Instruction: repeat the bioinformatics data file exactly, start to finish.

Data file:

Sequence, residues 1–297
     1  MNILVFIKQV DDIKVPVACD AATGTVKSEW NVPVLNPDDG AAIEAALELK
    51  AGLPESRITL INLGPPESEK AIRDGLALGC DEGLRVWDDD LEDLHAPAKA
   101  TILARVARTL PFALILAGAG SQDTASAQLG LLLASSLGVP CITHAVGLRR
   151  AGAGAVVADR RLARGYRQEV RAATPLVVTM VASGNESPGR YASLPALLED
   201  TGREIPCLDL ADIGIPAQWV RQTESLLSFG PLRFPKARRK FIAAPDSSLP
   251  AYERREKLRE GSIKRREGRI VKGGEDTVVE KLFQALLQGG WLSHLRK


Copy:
Sequence, residues 1–297
     1  MNILVFIKQV DDIKVPVACD AATGTVKSEW NVPVLNPDDG AAIEAALELK
    51  AGLPESRITL INLGPPESEK AIRDGLALGC DEGLRVWDDD LEDLHAPAKA
   101  TILARVARTL PFALILAGAG SQDTASAQLG LLLASSLGVP CITHAVGLRR
   151  AGAGAVVADR RLARGYRQEV RAATPLVVTM VASGNESPGR YASLPALLED
   201  TGREIPCLDL ADIGIPAQWV RQTESLLSFG PLRFPKARRK FIAAPDSSLP
   251  AYERREKLRE GSIKRREGRI VKGGEDTVVE KLFQALLQGG WLSHLRK